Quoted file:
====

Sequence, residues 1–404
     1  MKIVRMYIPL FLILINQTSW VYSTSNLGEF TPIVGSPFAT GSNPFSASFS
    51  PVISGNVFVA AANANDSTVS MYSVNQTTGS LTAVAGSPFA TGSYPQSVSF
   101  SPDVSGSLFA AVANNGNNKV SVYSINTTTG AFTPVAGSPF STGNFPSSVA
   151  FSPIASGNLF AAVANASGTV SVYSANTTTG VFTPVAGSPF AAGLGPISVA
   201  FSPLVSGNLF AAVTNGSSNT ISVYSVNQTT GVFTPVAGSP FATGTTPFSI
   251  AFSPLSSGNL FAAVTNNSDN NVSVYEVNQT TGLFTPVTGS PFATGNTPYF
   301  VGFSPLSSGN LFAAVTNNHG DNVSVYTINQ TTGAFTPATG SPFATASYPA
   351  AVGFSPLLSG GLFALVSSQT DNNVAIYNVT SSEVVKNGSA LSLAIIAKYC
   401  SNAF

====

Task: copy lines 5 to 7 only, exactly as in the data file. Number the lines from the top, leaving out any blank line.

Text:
   151  FSPIASGNLF AAVANASGTV SVYSANTTTG VFTPVAGSPF AAGLGPISVA
   201  FSPLVSGNLF AAVTNGSSNT ISVYSVNQTT GVFTPVAGSP FATGTTPFSI
   251  AFSPLSSGNL FAAVTNNSDN NVSVYEVNQT TGLFTPVTGS PFATGNTPYF